Perfection Vs. Paltriness
When looking for a new record, you will want to know its value, condition, and rarity. Value does not always have to refer to monetary value. The most valuable records can change from person to person depending on how much they enjoy listening to that album. The term value is subjective when it comes to your personal collection of vinyl. Value can also be increased by its condition, for example: if a record is brand new, unplayed, and still sealed, the condition would be mint/sealed (M/M+). If a record has a spill on it, is warped, or is scratched, the condition will be considered good/poor (G/P). These ratings can continue and vary depending on the condition of the vinyl itself or the condition of the sleeve of the record. The value of the record can also be determined by the rarity of the pressing. Privately pressed records are very rare because there might only be a limited number of records pressed under a small private label. Colored pressings can also increase value and rarity because commonly, colored vinyl will be a limited edition release. Each record has an etching/engraving on the run off groove of a record. This will help determine the pressing number and release date. Records can be laser-etched or hand-etched, when a record is hand-etched there might be a special engraving depending on whoever etched the land area (run off groove) of the vinyl, and this can be an increasing factor in rarity. If a record is signed by the band/artist value can increase tremendously. In 1969, to save money, RCA Records began using Dynaflex, a thin vinyl formula, rather than the typical vinyl material. Dynaflex records were so thin, they would almost literally flop back and forth when held. These types of records have not been pressed since then, so if you find one it might have more value due to its rarity. A useful tool to determine rarity and value based on condition is the app Discogs. You can search millions of pressings and determine value easily.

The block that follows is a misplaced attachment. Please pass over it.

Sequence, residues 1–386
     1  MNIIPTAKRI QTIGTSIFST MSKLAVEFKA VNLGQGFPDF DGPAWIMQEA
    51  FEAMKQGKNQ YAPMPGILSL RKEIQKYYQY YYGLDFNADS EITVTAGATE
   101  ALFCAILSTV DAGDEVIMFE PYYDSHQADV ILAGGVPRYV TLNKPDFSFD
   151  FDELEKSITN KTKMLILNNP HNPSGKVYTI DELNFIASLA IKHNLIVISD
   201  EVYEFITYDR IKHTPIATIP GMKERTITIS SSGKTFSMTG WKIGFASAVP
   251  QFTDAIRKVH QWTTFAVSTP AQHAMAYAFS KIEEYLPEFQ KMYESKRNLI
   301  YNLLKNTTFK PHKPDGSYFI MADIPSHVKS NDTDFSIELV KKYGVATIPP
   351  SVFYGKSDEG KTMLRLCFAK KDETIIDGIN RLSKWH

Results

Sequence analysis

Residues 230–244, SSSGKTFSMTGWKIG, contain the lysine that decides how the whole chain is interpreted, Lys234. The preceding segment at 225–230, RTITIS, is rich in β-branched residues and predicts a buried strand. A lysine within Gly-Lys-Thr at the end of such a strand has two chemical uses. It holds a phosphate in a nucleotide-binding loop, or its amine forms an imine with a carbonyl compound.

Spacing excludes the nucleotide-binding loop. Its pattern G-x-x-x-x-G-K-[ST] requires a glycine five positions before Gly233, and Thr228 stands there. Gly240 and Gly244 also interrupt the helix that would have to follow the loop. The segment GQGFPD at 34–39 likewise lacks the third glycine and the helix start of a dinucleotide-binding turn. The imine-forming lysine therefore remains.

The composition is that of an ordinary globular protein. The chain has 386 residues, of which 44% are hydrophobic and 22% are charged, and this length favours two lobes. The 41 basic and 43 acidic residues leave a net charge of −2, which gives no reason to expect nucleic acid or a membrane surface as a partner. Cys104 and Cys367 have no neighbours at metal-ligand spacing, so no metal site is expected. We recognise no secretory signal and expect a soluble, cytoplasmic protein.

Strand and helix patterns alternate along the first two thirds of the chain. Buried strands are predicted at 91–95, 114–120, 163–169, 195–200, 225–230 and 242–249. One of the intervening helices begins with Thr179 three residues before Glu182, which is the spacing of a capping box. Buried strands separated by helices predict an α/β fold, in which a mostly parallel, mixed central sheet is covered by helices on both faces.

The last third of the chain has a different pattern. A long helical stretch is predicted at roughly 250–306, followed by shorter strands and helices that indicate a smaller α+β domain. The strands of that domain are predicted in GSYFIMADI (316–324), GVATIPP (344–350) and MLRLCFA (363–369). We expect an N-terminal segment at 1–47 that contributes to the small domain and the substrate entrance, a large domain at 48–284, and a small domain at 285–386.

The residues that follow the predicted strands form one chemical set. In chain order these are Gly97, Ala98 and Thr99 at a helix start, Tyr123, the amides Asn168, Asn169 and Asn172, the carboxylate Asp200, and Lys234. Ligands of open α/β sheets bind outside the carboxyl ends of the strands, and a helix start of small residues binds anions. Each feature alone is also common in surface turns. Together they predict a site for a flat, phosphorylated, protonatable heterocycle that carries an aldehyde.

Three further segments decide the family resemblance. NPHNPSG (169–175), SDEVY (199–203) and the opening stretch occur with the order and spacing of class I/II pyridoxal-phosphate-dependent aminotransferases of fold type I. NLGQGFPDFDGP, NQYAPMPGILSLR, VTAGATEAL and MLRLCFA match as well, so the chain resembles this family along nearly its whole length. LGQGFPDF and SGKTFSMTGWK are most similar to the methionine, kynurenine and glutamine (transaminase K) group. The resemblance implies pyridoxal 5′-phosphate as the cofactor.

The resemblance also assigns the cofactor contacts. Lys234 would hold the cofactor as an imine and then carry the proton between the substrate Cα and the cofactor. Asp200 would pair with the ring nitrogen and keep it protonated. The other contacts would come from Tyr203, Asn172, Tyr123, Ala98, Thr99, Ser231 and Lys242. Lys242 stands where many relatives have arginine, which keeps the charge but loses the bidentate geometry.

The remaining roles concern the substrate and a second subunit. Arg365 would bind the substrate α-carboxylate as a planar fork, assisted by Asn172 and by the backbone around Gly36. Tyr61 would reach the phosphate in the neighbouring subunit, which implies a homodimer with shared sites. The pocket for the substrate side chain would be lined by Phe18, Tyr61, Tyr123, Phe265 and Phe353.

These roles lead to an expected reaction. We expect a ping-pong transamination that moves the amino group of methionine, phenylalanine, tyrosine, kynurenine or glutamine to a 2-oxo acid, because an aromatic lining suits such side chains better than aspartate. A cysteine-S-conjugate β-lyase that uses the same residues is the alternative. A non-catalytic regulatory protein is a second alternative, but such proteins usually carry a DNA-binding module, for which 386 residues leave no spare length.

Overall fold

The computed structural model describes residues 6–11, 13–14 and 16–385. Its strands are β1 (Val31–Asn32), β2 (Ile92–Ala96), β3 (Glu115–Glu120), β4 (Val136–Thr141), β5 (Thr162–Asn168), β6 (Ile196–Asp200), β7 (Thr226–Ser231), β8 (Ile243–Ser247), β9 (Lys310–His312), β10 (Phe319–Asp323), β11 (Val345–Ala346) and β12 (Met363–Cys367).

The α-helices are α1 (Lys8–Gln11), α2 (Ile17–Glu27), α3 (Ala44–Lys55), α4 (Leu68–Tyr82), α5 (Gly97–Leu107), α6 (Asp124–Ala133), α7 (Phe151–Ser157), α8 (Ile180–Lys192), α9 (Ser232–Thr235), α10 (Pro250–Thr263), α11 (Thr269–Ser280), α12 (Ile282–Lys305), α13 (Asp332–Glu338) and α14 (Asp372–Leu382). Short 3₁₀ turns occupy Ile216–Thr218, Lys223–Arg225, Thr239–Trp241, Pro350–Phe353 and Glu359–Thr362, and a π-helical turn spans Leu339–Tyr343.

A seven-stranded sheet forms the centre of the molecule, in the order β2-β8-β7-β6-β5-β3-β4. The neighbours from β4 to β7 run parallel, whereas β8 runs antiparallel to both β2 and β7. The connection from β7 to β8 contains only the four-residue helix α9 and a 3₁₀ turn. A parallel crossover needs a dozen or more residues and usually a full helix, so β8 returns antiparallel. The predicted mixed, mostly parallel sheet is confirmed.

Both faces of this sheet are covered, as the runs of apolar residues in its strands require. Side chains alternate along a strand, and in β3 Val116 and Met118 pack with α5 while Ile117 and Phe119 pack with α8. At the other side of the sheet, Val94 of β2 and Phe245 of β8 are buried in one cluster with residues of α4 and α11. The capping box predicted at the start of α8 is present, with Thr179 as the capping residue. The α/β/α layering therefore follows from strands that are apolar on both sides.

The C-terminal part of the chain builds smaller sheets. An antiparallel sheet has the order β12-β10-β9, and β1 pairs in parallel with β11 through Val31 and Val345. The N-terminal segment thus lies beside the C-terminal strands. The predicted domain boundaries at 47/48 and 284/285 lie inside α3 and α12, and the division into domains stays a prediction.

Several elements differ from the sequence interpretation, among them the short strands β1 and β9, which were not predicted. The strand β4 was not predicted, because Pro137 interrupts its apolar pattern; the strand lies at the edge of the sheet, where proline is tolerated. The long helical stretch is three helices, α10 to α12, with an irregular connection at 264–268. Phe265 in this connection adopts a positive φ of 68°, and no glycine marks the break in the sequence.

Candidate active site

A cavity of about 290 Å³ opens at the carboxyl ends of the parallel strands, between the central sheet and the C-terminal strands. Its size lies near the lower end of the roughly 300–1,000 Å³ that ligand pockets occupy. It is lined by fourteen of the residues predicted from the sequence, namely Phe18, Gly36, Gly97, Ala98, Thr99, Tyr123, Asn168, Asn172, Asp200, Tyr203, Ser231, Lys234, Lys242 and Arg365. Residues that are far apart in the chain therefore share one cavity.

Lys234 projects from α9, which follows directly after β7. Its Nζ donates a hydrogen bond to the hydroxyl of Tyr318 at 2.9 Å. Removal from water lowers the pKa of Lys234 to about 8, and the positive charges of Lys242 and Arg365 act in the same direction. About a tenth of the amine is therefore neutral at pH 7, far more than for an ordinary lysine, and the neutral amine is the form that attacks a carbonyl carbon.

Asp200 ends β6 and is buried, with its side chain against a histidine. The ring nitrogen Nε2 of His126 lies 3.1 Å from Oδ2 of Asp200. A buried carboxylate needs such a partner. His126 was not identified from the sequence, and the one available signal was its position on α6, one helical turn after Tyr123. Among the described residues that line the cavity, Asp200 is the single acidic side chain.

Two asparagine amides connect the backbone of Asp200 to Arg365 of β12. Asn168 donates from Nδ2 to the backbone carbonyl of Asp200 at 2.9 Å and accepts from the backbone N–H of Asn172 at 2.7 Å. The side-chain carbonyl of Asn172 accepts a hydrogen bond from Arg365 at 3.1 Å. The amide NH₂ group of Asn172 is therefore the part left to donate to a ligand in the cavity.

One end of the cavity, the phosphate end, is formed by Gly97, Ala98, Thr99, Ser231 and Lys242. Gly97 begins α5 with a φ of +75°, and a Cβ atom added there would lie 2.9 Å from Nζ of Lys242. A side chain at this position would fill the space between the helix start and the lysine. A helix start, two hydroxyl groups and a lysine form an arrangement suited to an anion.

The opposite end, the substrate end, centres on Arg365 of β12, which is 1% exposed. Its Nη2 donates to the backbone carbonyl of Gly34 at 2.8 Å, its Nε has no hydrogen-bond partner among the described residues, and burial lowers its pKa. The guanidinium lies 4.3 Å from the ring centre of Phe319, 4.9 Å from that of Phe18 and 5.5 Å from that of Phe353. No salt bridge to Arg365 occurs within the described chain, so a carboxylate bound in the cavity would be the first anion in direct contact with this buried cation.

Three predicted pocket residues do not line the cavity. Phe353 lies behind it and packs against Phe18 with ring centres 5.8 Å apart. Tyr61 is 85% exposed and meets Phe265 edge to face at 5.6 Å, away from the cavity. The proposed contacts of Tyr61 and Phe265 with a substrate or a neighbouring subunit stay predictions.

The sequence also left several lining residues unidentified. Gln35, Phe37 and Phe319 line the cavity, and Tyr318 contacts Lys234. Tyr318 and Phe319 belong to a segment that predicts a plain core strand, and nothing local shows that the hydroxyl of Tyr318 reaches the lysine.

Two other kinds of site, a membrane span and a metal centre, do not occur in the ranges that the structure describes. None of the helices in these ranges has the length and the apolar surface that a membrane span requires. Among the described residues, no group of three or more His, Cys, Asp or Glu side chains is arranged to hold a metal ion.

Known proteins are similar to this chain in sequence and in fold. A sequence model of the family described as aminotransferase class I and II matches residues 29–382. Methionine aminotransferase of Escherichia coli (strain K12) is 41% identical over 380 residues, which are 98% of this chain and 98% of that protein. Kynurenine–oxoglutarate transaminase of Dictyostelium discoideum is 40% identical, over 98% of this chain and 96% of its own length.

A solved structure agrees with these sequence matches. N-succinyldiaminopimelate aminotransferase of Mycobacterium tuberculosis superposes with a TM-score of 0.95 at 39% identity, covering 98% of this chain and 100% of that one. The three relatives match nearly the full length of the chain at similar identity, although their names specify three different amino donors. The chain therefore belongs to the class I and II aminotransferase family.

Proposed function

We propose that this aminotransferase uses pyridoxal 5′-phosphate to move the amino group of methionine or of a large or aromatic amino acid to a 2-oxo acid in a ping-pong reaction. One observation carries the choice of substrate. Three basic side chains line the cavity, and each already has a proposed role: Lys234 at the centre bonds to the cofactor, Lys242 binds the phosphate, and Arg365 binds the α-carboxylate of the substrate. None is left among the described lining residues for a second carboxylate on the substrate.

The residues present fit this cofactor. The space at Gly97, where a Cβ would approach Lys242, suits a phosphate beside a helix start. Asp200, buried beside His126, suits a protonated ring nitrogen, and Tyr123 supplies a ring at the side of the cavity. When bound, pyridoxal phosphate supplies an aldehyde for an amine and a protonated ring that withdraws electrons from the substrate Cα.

Caring for your collection
After building the foundation of your collection, a major step is caring for your precious vinyl. Whether the record is new or old, it needs to be cared for to prevent skipping, warping, and reduced sound quality. From brushes to sleeves to storage, every factor of how you store your record to how often you clean it matters when it comes to keeping your vinyl mint. A good guide for careful vinyl care is: rollingstone.com

The end
I hope with this guide with given resources, you feel ready to create your own collection. If you learned something, great! If you didn’t, that’s cool, too. Always remember, enjoy what you listen to and be careful when “dropping the needle,” because records are a delicate thing!